Page last updated at 12:30 GMT, Friday, 11 April 2008 13:30 UK

Boxers play chess in new UK sport

Chessboxing at Islington Boxing Club
Chessboxing championships have been held in Berlin and Amsterdam

Opponents compete over the chessboard then hit each other in the boxing ring in a combination sport being introduced to north London.

Chessboxing features alternate rounds of chess and boxing, with the winner decided by either knockout, checkmate or a judge's decision after 11 rounds.

The first UK chessboxing club has begun at Islington Boxing Club in Archway.

Founder Tim Woolgar said: "Boxing requires tactical thinking, a skill that is vital to playing chess."

We train at a high level to ensure competitors learn how to fully defend themselves
Tim Woolgar

Chessboxing originates from Berlin, where the world's first tournament was held last November. Championships have also taken place in Amsterdam and Cologne.

"I'm interested in both chess and boxing, so I went to one of the Berlin championships and thought they combined the two perfectly," said Mr Woolgar.

"Boxers need real strength of mind, which helps them compete in chess."

Competitors are given 60 seconds to remove their gloves as they leave the ring to sit or stand at the chessboard.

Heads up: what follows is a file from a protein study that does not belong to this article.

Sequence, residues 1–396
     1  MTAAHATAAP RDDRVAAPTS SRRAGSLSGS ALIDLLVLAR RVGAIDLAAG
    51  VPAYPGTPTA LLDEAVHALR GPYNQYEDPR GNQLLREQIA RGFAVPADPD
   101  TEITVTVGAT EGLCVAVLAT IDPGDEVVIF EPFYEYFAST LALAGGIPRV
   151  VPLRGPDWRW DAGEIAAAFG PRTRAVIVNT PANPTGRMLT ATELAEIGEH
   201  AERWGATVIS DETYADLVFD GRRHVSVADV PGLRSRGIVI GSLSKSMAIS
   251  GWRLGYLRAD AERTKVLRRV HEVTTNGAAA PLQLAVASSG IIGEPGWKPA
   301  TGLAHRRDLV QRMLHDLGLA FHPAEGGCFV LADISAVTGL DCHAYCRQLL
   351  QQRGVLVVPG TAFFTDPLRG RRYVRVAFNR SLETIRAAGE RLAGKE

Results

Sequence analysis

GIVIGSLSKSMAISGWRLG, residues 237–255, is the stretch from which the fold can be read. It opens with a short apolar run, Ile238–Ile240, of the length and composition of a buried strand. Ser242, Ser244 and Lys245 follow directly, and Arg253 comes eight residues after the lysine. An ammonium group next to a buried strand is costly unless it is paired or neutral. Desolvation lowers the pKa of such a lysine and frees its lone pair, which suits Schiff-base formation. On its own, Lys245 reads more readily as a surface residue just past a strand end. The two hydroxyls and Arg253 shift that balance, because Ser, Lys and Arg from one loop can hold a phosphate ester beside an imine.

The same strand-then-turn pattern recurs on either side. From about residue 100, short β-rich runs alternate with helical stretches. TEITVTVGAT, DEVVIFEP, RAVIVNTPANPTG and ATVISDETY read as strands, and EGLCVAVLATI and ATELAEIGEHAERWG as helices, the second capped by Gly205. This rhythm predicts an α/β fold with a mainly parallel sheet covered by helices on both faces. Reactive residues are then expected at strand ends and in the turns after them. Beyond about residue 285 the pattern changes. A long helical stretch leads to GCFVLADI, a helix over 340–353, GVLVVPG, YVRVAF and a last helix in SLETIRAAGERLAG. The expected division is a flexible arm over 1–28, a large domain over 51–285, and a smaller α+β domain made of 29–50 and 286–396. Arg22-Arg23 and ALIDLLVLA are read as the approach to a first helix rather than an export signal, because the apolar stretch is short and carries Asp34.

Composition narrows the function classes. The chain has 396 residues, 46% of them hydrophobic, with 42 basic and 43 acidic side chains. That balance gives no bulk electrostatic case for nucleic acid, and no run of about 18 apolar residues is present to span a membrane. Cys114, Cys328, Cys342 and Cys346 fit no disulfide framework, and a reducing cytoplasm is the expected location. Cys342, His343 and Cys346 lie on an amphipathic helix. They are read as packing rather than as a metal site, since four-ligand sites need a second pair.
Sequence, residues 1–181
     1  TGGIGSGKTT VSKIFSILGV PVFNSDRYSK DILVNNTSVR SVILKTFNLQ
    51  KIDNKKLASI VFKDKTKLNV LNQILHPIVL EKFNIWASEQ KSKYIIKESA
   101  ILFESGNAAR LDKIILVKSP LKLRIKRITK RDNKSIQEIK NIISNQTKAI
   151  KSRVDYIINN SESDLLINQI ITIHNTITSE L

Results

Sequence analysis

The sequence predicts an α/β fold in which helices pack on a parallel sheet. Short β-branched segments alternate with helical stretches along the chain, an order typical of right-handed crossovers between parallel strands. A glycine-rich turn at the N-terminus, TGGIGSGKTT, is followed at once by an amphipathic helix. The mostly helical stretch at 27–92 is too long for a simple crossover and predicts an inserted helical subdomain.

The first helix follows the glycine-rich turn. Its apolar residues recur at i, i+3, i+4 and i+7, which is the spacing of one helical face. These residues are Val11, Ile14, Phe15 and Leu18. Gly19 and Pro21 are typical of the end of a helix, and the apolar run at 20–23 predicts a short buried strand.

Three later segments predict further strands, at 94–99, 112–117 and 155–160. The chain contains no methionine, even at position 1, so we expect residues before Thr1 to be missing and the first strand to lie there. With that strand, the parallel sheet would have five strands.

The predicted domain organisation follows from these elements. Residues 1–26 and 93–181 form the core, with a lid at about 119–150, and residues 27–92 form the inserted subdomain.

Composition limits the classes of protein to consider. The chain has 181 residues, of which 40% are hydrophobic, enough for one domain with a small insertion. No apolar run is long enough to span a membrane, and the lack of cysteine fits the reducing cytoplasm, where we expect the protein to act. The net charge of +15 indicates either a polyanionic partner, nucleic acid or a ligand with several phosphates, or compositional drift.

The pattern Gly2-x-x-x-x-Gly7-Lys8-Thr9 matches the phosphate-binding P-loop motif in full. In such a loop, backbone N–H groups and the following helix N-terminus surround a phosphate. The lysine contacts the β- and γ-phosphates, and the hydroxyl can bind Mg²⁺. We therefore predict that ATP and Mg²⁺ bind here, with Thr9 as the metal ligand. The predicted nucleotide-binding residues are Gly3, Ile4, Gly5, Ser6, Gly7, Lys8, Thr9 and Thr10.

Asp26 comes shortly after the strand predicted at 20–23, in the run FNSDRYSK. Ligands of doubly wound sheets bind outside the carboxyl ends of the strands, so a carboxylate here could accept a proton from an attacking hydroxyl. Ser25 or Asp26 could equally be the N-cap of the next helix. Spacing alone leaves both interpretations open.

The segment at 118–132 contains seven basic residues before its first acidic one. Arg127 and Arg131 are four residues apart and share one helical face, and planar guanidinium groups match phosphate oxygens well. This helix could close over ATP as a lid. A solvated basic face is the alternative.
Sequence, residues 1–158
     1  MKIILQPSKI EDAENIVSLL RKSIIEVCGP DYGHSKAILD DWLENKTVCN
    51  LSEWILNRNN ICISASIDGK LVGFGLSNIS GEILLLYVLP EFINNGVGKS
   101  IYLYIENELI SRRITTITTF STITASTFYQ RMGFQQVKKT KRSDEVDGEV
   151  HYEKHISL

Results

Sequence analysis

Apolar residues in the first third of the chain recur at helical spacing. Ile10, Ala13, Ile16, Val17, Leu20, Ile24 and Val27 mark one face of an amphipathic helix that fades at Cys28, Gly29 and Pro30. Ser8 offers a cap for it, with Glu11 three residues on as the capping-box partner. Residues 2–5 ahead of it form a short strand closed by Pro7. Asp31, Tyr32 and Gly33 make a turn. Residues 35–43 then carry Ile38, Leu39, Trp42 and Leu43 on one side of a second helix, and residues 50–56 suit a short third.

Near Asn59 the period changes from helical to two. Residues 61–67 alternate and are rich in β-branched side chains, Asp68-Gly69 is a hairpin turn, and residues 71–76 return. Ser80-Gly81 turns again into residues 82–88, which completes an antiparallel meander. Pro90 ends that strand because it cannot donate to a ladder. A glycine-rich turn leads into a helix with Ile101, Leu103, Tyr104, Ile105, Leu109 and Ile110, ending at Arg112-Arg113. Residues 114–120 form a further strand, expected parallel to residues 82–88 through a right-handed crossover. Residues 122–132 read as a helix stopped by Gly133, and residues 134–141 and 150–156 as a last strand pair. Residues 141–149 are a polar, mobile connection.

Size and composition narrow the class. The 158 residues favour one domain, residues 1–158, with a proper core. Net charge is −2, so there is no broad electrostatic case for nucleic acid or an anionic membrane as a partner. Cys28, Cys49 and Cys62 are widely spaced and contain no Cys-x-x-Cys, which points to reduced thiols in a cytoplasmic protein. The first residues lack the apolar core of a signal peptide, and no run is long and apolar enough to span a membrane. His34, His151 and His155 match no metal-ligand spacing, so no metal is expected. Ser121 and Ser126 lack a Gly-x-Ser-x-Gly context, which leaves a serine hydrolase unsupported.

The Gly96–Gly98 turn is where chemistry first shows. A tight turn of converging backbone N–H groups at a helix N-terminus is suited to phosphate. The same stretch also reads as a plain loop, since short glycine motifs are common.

'Good exercise'

The UK chessboxing club opened last Saturday with seven members, aged between 24 and 37, and Mr Woolgar hopes to hold the first UK championship this summer.

"At the moment we are attracting boxers who want to play chess, but chess players who want to learn to box are also showing an interest," he said.

"Boxing is not a sport to be taken lightly, so we train at a high level to ensure competitors learn how to fully defend themselves."

Enzo Giordano, who runs the gym in Hazellville Road, believes the sport has potential.

"It's a good way to exercise your mind as well as your body," he said.

"Professional boxers learn how to switch from one frame of mind to another as they leave the ring, but it's not easy."

Mr Giordano said chessboxers would find it a challenge to match their opponent's skill in both disciplines.

"Otherwise a really good boxer, who is bad at chess, could knock everyone else out."

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